Local Talent

Yesterday, a friend and I hosted a small gathering for local start-up entrepreneurs and consultants in Northern Virginia. Most of these folks have worked in a large corporate setting and having an opportunity to speak to each other and business leaders from the more “matrixed” disciplines like public relations gave everyone an opportunity to re-connect, get feedback, and brainstorm. I left the meeting energized and excited about the talent that’s out there – building iPhone apps, launching vertical web sites, and building Twitter applications.  If you’d like to join an upcoming event please connect with me privately at anne@socialbuzzpr.com.


The Power of Time-Off

I was really inspired by Stefan Sagmeister’s speech at the TED conference about the power of time-off. You can read a quick synopsis of the talk or watch the video here. In a nutshell, Stefan closes his New York studio every couple of years for a sabbatical to refresh his creative outlook. The time-off allows him to explore new ideas, become inspired and change his point of view for his work as a designer. The creative ideas that he pursues during his time away are put to use and become the muse for the work that takes place between his sabbaticals.

For me, taking a break this past summer allowed me to exponentially increase my connections to people, ideas, and the best practices in my industry. As importantly, it has made me very clear about what I do best, where I can contribute most, and the kinds of organizations I’d like to work with. So while I didn’t travel to Bali like Stefan, my own sabbatical has allowed me to learn a few good things along the way.

People. Everyone talks about growing your network and I have certainly invested time to expand my personal and professional networks on LinkedIn, Facebook, and Twitter (@annebentley). Equally important is face-to-face time with people – asking for advice, talking about their projects, exchanging ideas, and soliciting input and feedback. Connecting with entrepreneurs and giving them a sounding board from my PR point of view has been an exciting part of my time away. I’ve also had fun getting involved in some of my friend’s activities – from hiking local trails in Northern Virginia to providing pro bono consulting to DC non-profits. And then there are the hundreds of new people I’ve met because I was out and about and available to new possibilities.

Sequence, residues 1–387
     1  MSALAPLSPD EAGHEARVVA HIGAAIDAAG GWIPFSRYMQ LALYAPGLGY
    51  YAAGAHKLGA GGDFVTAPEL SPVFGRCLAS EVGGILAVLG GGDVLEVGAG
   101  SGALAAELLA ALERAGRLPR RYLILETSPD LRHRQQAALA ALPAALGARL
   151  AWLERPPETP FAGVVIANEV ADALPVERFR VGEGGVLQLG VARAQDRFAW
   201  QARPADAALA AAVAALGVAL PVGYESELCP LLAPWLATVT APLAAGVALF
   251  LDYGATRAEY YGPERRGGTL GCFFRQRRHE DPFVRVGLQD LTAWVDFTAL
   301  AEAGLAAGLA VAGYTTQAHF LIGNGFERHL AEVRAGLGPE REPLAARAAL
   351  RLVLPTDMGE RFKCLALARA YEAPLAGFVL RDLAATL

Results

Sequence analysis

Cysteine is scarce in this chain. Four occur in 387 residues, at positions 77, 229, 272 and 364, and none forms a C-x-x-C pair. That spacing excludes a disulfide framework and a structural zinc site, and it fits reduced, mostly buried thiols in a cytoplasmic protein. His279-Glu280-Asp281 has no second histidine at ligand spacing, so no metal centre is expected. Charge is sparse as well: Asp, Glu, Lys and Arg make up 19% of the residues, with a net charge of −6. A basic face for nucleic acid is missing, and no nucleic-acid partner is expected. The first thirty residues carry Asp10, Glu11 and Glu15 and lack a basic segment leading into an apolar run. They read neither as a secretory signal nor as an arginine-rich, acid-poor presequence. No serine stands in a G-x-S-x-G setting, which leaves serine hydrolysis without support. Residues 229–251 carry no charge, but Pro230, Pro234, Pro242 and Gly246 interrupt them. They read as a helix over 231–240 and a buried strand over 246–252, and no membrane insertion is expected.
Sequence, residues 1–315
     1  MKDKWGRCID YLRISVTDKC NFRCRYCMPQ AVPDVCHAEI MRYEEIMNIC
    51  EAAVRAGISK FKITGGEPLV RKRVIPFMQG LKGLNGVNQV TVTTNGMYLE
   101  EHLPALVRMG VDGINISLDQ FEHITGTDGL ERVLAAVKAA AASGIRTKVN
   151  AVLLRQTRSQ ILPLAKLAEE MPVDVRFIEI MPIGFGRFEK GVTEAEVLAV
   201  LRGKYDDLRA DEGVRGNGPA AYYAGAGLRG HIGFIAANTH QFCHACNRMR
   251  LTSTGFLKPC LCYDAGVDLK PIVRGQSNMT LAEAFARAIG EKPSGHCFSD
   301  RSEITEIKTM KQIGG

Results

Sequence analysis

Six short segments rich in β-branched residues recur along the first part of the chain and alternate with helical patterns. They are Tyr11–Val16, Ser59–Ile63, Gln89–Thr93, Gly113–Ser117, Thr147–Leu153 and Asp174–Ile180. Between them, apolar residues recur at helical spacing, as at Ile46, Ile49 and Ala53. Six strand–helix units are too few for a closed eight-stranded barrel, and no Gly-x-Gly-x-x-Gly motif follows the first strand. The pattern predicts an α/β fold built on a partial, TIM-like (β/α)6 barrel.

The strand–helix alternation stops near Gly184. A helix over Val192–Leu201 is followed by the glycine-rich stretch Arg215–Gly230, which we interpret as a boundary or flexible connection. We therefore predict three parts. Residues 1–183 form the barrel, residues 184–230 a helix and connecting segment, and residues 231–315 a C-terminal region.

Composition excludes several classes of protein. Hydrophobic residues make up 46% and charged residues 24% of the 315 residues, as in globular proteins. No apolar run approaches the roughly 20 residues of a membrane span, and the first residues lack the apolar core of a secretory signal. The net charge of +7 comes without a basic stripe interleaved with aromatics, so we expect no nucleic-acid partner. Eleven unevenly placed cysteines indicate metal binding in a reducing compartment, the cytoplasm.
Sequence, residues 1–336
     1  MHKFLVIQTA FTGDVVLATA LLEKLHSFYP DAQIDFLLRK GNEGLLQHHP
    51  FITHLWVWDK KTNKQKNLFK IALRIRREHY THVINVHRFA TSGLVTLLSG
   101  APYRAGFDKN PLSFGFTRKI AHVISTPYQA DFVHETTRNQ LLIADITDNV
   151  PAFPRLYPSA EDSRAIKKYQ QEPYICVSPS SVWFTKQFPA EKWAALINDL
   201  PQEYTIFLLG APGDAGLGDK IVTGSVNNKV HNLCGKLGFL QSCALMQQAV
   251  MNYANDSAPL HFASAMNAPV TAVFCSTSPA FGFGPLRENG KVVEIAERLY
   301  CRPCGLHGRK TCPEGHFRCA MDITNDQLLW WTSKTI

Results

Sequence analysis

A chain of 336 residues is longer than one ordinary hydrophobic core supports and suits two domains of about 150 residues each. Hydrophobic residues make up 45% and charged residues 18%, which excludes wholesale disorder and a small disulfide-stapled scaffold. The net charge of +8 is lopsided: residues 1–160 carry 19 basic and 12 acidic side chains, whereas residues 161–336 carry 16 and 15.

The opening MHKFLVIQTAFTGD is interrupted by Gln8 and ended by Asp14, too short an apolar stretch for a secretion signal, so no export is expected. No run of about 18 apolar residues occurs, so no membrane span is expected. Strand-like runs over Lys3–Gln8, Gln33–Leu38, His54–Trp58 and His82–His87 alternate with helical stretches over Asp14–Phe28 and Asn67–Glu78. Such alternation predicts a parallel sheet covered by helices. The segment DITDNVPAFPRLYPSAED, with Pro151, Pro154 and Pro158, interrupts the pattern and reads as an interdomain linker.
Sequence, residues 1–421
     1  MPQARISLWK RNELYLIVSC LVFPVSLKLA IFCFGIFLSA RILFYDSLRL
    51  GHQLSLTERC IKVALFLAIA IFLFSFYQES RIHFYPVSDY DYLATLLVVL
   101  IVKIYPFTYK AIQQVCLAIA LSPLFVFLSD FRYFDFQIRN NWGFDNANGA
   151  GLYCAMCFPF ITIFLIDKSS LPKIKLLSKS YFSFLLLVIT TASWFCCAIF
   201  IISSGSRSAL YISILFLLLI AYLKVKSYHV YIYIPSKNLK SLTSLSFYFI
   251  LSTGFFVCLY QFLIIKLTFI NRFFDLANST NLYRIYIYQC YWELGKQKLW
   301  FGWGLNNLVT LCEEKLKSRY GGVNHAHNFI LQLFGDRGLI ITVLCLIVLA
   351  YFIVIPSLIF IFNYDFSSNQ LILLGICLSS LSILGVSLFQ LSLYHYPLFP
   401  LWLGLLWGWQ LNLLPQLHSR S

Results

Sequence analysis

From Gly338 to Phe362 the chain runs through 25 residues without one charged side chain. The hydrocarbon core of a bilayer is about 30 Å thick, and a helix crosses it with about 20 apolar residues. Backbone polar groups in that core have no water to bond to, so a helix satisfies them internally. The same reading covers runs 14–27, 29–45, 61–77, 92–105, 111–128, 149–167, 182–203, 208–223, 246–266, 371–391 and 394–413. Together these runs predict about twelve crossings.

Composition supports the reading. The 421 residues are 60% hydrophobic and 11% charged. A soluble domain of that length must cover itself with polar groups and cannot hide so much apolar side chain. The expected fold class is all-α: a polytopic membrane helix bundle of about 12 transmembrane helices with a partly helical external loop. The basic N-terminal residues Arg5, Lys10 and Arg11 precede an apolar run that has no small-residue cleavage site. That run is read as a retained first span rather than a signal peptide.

Purpose. One of the things I’ve enjoyed during this break has been the opportunity to have a laser like focus on my personality, strengths, and the types of companies and assignments that naturally appeal to me. I also took the time to fully explore business ownership and learned a lot about my abilities and myself as an entrepreneur during the process. I also created a list of what was important in my life beyond work. This specificity allows me to effectively communicate what I offer to potential business clients and employers and keeps me honest about the types of opportunities I am pursuing.

Passion. Having the time to fully engage in my industry has been extraordinarily satisfying. I’ve read white papers, explored social media best practices, participated in seminars, started a blog, read industry analysis, and deconstructed major media events. Most of all, the time-off has renewed my passion for what I like to do – motivate and influence people.

The time-off has been an incredible gift and a moment to take stock, get refueled, and linger over a cup of coffee or lunch with a friend or business colleague. And, I have a new arsenal of ideas – like Stefan – to bring to my next assignment.

Adding My Blog Feed to Facebook

I just used NetworkedBlogs to add the feed from SocialBuzzPR to my Facebook profile. This is handy as it reduces the need to manually update Facebook with my posts. Of course, I also had to add the feed from my blog to FeedBurner to get things working probably. For now, I am opting to look at posts before publishing them on my profile. This can be easily changed, however, by changing the settings.

Social Media Influencing Offline Decisions?

At AOL, we had a lot of data that said that online research influenced offline purchasing decisions. Who doesn’t go to a search engine to compare products and pricing before making a decision? Nate Elliott shared a few points this morning about social media influencing offline behavior and posits that we’re all still more likely to listen to our friends through face-to-face interactions vs. social media. He includes some interesting examples from the NHL and Fiskers (school and crafting supplies), who’ve tied together social media, events / ambassador programs, and PR to reach and engage their target audiences. Enjoy the read here.